Scientists Present Survey of Natco Park, Feb. 7, 2022
Over the course of three seasons in 2021, GZA Environmental scientists surveyed and evaluated the Hazlet portion of the Natco Lake Park.
On Monday, Feb. 7, the observers presented their findings to the public at the monthly meeting of the Hazlet Environmental Commission.
GZA was commissioned by Hazlet Township to complete a baseline biodiversity assessment of the entire park. The specialists documented species across a wide swath of taxa groups, including mammals, avian (birds), insects, invertebrates, Lepidoptera (moths & butterflies), herptiles (reptiles & amphibians), and flora.
To document life, the scientists used various scientific methods, such as live animal trap and release, acoustic monitoring, animal track tubes, the IBird Pro app with Bluetooth speaker for bird calling, professional-grade binoculars, professional photography for species identification, insect malaise traps, insect soap dish traps, species-specific pheromones, and direct observations.
GZA also performed three overnight Terrestrial Rapid Bio Assessments focusing on Nocturnal Lepidoptera (moths), a method which uses moths as a proxy to determine the ecological value of a specific habitat.
Additionally, the park was surveyed for sensitive habitats, features of interest, and wetland boundaries, as well as partitioned into specific sub-habitats.
An interesting side survey, not for the faint-hearted, was an assessment of tick densities on trails throughout spring, summer and fall 2021.
The study will help Hazlet explore potential solutions to combat/minimize the tick prevalence in the park, so that park users may more safely access and enjoy the trails.
Hazlet Township welcomed its brand new Environmental Building at 399 Middle Road on April 24, 2021.
Members of the Hazlet Township Committee, Environmental Commission and other supporters gathered outside the building for a ribbon cutting. Then, in celebration of Earth Day, the members handed out bundles of free tree seedlings to the public from 11 am to 2 p.m
“The building is beautifully built and is in a perfect location, at the entrance to Hazlet’s 260-acre Natco Park,” said Mayor Tara Clark. “I know our Environmental Commissioners are incredibly excited to have this new facility and we have plans to put the building to great use and serve the community.”
The new solidly built, one-story building includes a meeting room with sink and two restrooms with baby changing stations, which will be open to the public during daytime hours. It sits at the mouth of sandy trails of a park with a vast array of diverse wildlife. Natco Park is also home to freshwater wetlands, streams, marshes and even a 30-acre lake.
Township Committee memeers in the sunny meeting room.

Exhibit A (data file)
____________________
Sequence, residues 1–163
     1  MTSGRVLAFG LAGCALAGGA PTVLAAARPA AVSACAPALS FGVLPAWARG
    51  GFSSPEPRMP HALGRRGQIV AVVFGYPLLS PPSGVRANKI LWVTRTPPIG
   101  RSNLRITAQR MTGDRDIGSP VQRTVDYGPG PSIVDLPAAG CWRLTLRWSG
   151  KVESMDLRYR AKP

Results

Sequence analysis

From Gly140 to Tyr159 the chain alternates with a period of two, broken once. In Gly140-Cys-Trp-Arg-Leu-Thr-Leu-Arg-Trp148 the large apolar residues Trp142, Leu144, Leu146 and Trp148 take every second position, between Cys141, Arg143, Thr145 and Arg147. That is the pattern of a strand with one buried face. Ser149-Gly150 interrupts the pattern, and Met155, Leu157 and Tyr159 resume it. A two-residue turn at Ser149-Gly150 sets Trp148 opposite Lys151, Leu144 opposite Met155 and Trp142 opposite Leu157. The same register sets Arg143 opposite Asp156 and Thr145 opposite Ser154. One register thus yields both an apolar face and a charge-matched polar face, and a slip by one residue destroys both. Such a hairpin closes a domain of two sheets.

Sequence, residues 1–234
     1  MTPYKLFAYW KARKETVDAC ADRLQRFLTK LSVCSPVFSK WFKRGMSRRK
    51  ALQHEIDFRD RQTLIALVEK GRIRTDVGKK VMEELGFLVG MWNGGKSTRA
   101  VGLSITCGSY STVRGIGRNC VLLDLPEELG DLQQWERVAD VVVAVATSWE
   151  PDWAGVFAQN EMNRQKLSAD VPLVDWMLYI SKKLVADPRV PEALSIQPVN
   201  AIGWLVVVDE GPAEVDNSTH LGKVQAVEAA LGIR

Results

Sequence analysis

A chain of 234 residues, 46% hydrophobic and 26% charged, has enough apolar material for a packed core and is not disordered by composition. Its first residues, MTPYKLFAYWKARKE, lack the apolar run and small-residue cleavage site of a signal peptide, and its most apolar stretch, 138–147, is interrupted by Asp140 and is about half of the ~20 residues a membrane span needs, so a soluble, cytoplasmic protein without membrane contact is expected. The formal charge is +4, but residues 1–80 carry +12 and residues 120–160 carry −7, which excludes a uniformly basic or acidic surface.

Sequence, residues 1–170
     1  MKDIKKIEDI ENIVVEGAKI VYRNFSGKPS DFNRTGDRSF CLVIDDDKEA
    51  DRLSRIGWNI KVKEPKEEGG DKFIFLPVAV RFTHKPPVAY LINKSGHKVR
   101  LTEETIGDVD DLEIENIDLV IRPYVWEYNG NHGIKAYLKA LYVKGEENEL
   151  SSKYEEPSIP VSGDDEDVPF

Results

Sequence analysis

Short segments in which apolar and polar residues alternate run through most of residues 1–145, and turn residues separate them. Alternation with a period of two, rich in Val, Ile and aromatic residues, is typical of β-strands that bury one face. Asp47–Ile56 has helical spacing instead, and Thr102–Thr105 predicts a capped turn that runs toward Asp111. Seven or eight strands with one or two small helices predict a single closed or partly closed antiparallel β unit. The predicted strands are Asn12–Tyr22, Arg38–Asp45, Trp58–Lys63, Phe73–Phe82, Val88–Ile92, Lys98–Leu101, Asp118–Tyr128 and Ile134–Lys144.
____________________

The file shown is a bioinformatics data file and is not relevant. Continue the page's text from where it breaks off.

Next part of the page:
Years ago, the Environmental Commission worked out of a building located next to Middle Road School. But it had fallen into disrepair and was eventually dismantled a few years ago.
Now the Commission will have a dedicated meeting room, decorated with photographs of the park’s American Bald Eagles and ospreys.
“I’m just so pleased. It’s been a longtime coming,” said Barbara Lejda, who has volunteered on the Environmental Commission for nearly 30 years. “The Environmental Commission does so much, and Natco is a big part of what we do. I love it.”
Township Committeeman Scott Aagre explained how the process to create a public access point for Natco Park began five years ago. It was the perfect location, he said, because it was an unused township property (“a sand pit,” he said), conveniently located at a trailhead and easily accessible from Middle Road. “This is the right spot,” he said. “From here you can get to five other trails. You can go right up to Natco Lake, which you can see from Route 36.”
Steel shutters will protect the windows of the meeting room.
The building’s windows will be protected with steel shutters and the area will be under video surveillance. Police will do regular checks.
This is the beginning of the opening up of Natco Park,” said Committeeman Skip McKay. The Township Committee has authorized the purchase of a motorized quad vehicle for trail maintenance, cleanups and emergency rescues. It also recently commissioned an environmental resource inventory of the Park in order to identify its exceptional natural resources and unique features. The report will provide the township with a wealth of information to help renovate the park’s trails and environs, and enable visitors to enjoy it for many years to come.
There are two restrooms.
Joe Pobega, a volunteer on the township Open Space Commission, reflected upon an intense door-knocking campaign in 2006 to garner support for a referendum authorizing a township Open Space tax, a necessary element to allow Hazlet to apply for grants and Monmouth County Open Space matching funds. “Residents should know that one-penny tax is funding the building,” he said,. Another volunteer Annie Eng, said it is satisfying to see the fruits of their labor. “People didn’t realize what we had, now they can come explore this special park.”
Committeeman Mike Glackin said the classroom space will be well utilized. “We’re going to bring out the community and get the high school students and Scouts involved.”
“What Hazlet is doing sends a real message that environmental improvements and education is worth investing in, to help communities become healthy, grow and make their towns greener,” said Greg Remaud of the NY/NJ Baykeeper, which recently set up an office in Hazlet Township..